Police using home security cameras to fight neighborhood crime

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HENDRICKS COUNTY, Ind. (WTHR) — Avon police want to put home security cameras to work fighting neighborhood crime. The department is encouraging homeowners to sign up for the Community Camera Program.

When crime happens, officers would know exactly where to look for pictures, video and clues to catch the bad guys.

In one Avon neighborhood it appeared as if almost no one was home, but almost everyone was watching.

I stood in the street seeing security cameras behind me, security cameras to my left and another one across the street looking me in the face. If there was a crime on the block the culprits would probably be caught on camera.

Brian Nugent is a Deputy Chief with the Avon Police Department. "You may have had a photo of the suspect fleeing the scene and it might help us prevent another burglary," Nugent said. "The next time it could be you."

The Community Camera Program is intended to save detectives valuable time and leg work.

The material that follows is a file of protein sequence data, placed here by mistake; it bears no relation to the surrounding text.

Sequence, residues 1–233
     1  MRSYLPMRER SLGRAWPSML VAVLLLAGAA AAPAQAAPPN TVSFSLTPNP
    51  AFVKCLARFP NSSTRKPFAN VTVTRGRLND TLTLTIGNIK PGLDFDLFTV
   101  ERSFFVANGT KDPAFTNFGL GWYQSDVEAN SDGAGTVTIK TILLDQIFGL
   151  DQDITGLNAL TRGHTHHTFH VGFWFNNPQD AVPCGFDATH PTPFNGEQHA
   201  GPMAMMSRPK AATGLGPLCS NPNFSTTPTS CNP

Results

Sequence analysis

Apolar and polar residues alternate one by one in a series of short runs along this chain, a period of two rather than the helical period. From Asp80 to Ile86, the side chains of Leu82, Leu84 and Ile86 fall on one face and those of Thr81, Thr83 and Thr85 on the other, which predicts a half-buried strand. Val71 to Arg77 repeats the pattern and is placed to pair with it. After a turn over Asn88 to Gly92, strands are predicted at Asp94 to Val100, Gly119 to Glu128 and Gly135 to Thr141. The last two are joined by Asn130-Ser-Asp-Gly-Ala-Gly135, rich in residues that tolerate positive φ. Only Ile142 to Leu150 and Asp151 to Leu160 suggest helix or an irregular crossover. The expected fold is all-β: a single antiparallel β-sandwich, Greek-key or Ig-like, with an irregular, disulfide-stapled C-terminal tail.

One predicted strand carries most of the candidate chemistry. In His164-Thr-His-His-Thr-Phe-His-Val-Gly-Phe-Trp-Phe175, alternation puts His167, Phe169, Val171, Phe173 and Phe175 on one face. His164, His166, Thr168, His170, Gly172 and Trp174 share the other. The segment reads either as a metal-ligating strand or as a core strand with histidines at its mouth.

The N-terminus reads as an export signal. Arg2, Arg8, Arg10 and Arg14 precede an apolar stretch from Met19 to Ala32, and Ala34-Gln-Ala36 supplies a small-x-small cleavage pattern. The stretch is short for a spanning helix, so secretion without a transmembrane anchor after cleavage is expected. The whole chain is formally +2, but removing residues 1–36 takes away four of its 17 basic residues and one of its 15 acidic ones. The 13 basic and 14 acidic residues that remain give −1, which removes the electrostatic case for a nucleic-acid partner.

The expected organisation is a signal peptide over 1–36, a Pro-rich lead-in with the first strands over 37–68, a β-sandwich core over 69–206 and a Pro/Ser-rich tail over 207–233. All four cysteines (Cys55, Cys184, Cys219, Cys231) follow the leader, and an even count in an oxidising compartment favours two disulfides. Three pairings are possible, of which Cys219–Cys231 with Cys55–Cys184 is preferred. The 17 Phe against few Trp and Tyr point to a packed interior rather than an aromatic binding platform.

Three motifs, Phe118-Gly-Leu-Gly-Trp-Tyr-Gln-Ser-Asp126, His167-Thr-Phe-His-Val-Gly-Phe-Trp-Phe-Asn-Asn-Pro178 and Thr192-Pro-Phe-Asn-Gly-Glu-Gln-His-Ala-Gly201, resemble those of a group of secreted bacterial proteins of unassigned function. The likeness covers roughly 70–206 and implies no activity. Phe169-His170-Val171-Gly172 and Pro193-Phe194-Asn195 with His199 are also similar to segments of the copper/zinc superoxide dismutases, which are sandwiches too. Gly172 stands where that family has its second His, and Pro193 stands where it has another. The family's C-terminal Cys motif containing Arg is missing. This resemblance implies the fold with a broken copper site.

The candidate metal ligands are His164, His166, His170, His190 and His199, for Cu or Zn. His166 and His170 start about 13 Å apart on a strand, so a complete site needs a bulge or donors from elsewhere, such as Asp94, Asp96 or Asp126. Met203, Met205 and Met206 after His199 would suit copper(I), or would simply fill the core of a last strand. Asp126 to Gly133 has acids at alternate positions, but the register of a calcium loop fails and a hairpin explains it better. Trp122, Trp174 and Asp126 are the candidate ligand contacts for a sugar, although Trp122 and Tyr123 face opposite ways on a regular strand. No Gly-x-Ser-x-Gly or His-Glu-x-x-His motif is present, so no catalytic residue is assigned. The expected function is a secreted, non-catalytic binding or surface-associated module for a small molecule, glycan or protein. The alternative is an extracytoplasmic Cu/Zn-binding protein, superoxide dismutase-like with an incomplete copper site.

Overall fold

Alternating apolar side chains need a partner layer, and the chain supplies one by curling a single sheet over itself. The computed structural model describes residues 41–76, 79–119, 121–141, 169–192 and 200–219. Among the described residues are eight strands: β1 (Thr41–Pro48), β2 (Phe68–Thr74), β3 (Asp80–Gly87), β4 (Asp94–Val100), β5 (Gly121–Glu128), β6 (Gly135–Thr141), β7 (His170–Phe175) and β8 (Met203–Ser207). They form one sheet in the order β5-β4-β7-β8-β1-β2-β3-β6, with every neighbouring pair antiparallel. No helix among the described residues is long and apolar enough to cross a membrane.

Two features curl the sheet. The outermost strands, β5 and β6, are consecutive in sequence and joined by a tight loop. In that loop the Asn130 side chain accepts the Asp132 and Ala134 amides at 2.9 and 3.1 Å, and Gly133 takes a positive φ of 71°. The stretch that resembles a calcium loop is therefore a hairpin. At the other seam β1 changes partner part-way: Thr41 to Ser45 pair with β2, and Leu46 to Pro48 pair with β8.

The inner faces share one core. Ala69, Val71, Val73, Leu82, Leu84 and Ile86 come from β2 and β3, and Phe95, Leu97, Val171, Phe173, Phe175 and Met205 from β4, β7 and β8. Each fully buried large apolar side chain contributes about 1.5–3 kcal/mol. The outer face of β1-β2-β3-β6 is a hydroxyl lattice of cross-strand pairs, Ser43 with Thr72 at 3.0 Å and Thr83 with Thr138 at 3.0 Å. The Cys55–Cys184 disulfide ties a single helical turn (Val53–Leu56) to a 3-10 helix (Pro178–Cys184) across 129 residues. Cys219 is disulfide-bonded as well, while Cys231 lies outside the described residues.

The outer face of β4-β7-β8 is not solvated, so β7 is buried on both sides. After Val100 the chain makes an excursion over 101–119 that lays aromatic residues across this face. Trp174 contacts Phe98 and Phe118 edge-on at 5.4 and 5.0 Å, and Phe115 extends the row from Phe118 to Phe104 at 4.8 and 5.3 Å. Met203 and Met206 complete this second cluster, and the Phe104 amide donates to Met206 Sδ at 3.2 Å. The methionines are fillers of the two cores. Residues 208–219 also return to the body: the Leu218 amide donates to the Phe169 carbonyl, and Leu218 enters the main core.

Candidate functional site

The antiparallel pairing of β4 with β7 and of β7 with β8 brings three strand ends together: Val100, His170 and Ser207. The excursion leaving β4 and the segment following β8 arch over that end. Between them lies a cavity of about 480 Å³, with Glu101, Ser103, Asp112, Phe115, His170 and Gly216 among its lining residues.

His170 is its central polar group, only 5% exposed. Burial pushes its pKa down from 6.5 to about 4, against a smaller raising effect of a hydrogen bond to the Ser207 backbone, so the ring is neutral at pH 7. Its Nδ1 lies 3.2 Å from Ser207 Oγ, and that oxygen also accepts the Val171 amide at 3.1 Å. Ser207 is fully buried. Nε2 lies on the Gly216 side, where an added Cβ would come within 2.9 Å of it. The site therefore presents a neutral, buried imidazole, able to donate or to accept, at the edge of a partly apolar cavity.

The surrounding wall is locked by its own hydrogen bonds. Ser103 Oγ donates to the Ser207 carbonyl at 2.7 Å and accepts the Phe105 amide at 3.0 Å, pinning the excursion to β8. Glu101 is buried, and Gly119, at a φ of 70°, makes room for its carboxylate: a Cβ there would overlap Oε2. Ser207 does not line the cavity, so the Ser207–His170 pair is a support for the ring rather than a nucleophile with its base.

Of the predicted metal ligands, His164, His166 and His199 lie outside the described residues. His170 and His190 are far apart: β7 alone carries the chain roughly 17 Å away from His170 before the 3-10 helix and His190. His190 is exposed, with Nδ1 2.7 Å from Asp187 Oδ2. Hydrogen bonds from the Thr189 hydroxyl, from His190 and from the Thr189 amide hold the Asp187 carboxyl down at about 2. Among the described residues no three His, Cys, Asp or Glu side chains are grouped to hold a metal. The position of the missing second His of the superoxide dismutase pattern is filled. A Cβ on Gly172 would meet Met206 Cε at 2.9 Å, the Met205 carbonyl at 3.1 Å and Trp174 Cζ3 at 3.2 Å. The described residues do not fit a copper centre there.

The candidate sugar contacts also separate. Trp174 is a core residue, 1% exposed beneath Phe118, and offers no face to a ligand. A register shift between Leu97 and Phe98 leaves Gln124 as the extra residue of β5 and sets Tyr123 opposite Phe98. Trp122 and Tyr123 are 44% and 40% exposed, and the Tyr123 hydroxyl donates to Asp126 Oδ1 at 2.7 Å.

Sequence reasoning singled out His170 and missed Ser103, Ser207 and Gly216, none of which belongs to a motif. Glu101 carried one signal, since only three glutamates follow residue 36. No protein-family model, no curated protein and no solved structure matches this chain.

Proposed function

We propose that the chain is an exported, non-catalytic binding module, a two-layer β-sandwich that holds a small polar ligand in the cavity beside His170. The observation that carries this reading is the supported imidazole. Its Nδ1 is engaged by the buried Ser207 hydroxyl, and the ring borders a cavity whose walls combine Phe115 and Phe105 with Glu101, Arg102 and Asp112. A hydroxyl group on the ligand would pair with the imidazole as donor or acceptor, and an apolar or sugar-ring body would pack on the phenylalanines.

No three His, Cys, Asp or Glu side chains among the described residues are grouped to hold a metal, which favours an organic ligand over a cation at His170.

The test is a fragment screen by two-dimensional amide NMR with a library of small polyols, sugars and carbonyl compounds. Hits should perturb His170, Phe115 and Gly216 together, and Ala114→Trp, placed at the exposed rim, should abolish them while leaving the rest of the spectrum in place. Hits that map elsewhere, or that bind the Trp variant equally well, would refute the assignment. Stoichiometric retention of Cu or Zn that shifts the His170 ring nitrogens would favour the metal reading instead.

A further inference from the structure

“That video will stay there for a couple of days at a time,” Nugent said. “If you don’t find out about that video for a week later we could lose the evidence.”

Avon started testing the program last year.

This March, cameras in homes caught two burglars and a neighbor's outdoor cameras provided the clues that led to the pair's arrest.

Neighboring Danville implemented the Community Camera Program 2 years ago.

“This puts us ahead of the game,” said Officer Nate Lien, Danville Police Department.

In one case, when a car was stolen from a neighborhood, police immediately knew which homeowners to contact for security camera video of the crime.

They put his picture on social media and within hours the man was identified, found and arrested.

“That's why the program is so valuable,” Officer Lien said.

But some home owners fear they are giving up their privacy and giving police access to everything their camera's see.

Both departments insist that can't happen.

“Our program does not in any way, shape or form give access to officers without [homeowner’s] knowing,” Nugent said. “This is a process of giving us your name, address and a phone number."

In both communities fewer than 100 homeowners have enrolled in the Community Camera Program.

Police insist it works and would be even better of more people signed u. They believe it work even better and neighborhoods would be even safer if more home owners signed up.

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